• Veery (8) – the bike trail between Whitehouse-Spencer Road and 295 is always especially productive
  • Black-throated green warbler – singing male at the bike trail bridge over Swan Creek (between Girdham Road and Route 64)
  • Louisiana waterthrush – where the stream crosses the bike trail between Wilkins and Girdham Roads
  • Lark sparrow (5) – Christmas tree farm on Obee Road
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Post Options Post Options   Thanks (0) Thanks(0)   Quote Matt Anderson Quote  Post ReplyReply Direct Link To This Post Posted: 24 Jun 2017 at 1:59am
Found a family group of at least 4 Red-breasted nuthatches tonight - spruce stand southeast of the intersection of Wilkins and Reed Roads (Oak Openings Preserve Metropark)
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Post Options Post Options   Thanks (0) Thanks(0)   Quote dbohio Quote  Post ReplyReply Direct Link To This Post Posted: 19 Jun 2017 at 9:46pm
Sure is an unusual year
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Post Options Post Options   Thanks (0) Thanks(0)   Quote Matt Anderson Quote  Post ReplyReply Direct Link To This Post Posted: 19 Jun 2017 at 4:20am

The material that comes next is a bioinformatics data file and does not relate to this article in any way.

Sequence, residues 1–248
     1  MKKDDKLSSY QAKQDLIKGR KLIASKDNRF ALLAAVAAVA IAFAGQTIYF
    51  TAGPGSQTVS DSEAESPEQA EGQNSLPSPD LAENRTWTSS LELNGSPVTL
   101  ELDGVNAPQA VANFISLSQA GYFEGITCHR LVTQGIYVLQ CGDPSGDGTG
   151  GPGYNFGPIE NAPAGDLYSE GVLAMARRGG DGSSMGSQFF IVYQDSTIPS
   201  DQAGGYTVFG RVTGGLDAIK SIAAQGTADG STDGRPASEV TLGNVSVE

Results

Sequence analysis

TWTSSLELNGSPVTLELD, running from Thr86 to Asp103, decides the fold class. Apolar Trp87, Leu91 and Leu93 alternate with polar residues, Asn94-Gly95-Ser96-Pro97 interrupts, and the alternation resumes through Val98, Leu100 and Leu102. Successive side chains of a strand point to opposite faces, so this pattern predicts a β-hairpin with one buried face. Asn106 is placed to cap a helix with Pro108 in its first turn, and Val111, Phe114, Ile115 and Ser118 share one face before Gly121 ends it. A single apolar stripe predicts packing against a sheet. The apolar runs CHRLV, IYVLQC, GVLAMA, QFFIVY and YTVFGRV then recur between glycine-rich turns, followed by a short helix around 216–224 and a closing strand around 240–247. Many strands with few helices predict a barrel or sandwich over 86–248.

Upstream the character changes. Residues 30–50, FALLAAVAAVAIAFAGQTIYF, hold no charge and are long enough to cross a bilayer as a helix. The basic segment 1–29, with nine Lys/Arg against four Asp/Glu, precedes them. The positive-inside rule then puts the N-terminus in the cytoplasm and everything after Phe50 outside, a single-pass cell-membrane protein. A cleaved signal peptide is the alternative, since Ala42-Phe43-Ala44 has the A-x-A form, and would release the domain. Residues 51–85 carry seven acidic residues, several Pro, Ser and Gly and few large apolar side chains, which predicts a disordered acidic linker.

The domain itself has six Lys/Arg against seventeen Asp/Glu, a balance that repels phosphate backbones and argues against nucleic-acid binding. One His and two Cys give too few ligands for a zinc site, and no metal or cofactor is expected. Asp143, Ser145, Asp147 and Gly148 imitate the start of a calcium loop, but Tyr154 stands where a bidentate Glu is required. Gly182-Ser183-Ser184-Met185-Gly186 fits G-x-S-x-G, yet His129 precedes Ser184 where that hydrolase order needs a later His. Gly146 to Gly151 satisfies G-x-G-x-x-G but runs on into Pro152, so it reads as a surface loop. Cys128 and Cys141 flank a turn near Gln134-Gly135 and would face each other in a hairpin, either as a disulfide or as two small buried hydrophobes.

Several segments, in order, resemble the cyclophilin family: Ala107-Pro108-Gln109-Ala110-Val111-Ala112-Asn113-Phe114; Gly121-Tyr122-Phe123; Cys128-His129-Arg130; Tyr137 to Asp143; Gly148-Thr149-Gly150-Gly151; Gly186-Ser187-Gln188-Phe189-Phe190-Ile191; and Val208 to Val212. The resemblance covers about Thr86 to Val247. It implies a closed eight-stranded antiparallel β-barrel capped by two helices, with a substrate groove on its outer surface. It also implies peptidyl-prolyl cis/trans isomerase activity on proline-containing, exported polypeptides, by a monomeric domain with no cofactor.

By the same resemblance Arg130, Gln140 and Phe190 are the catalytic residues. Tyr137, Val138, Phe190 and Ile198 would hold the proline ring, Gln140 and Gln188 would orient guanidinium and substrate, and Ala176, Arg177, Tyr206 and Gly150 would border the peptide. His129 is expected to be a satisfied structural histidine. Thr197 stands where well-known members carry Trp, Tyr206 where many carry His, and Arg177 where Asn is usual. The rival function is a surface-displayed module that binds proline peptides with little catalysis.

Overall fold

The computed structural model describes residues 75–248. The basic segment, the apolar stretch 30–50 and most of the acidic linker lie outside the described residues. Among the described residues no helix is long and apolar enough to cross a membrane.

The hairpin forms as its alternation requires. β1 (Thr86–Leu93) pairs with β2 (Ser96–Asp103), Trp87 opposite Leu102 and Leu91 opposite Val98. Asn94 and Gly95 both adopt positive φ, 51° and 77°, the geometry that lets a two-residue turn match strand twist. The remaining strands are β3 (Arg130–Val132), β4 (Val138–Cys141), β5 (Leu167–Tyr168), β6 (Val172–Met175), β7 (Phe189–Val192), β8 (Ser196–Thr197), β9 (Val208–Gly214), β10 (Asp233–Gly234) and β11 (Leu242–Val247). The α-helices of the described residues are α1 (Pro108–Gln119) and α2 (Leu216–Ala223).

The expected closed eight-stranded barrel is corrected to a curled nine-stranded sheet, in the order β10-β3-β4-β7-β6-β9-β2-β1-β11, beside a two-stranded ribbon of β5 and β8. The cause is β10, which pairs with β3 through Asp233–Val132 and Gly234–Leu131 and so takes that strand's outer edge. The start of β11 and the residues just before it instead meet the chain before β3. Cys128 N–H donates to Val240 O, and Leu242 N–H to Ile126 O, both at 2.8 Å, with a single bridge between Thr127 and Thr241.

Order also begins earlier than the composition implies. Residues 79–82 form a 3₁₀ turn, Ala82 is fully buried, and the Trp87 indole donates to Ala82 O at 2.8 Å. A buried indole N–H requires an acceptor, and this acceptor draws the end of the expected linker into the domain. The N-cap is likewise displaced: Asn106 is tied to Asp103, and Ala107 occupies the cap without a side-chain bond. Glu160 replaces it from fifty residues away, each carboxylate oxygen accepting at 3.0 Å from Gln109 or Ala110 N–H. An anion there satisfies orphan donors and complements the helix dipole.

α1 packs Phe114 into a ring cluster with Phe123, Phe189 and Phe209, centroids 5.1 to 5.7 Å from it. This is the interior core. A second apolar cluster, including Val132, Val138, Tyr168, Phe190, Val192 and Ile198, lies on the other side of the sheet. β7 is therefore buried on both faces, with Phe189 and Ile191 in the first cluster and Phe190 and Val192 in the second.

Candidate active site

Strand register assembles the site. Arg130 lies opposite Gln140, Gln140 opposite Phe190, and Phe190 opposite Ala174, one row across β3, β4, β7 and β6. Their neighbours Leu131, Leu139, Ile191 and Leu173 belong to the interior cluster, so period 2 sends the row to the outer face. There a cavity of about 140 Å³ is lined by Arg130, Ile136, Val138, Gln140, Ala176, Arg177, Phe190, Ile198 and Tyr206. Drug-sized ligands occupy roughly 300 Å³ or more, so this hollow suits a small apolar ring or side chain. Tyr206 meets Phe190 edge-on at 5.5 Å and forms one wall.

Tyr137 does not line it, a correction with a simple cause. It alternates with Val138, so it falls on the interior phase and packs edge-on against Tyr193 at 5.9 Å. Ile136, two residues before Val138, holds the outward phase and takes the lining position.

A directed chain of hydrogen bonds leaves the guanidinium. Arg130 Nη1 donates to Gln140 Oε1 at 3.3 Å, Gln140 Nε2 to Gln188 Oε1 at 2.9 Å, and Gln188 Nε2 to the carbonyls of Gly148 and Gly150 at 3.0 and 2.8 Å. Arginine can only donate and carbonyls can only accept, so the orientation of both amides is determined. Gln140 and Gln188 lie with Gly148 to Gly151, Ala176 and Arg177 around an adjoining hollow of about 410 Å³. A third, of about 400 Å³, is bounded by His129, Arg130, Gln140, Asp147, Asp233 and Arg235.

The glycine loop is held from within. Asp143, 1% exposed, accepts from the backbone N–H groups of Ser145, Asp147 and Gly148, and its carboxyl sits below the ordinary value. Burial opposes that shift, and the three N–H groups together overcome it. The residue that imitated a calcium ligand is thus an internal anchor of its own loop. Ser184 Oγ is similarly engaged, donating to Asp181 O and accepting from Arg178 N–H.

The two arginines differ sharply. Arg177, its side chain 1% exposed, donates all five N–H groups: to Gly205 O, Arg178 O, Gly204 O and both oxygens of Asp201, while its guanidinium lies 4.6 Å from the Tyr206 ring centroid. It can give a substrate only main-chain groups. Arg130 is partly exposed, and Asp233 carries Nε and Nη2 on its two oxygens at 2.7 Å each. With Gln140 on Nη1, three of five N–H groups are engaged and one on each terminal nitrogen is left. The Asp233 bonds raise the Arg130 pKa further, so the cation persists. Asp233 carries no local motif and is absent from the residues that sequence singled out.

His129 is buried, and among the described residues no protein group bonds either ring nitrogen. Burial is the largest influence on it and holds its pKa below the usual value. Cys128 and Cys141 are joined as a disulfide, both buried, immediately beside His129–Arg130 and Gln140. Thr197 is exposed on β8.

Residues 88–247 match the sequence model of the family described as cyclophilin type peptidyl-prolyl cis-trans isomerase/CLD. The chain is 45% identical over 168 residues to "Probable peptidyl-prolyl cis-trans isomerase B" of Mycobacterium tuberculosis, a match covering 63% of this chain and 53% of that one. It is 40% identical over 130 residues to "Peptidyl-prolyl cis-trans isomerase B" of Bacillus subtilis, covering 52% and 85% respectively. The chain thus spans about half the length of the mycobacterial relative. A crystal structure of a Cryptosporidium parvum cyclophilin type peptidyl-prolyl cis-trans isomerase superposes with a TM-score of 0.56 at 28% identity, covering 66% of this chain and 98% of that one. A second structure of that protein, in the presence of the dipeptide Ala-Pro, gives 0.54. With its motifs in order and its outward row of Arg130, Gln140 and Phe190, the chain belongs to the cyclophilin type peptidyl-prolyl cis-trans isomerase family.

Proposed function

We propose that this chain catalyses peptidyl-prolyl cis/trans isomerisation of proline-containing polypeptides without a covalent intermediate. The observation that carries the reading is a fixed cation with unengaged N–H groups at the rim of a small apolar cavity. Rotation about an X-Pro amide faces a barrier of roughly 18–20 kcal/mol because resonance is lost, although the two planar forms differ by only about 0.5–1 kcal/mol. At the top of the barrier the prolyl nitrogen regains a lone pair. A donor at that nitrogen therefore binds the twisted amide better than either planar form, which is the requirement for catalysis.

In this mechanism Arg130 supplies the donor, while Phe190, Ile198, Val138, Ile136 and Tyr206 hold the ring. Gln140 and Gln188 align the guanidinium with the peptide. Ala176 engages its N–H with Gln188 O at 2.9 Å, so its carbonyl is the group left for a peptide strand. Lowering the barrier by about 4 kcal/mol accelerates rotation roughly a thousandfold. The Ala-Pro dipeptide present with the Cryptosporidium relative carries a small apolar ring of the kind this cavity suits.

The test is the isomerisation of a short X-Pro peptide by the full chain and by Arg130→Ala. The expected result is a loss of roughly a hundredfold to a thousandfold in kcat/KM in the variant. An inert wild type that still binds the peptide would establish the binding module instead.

Today, I covered areas south of Swanton, portions of the Maumee State Forest, and the countryside of southeastern Fulton and northeastern Henry Counties. The species list from these sections is almost always more mundane than other areas covered in the Oak Openings region. Not today. A largish bird feeding in a sizable lawn at 3261 Fulton County Road F caught my attention as I zipped by around 6:45am. I flipped the car into reverse and had to do a double take when I realized it was beautiful adult Yellow-crowned night-heron. It could hardly have been in a more unexpected location, feeding in a large lawn like so many others in the area. I watched and photographed it (with my cell phone) for 15-20 minutes, nervous the whole time that the homeowner would confront me for sitting in my car halfway down his long driveway. A Cooper’s hawk eventually dive-bombed the heron and chased it into the tree line on the west side of the property. Wow.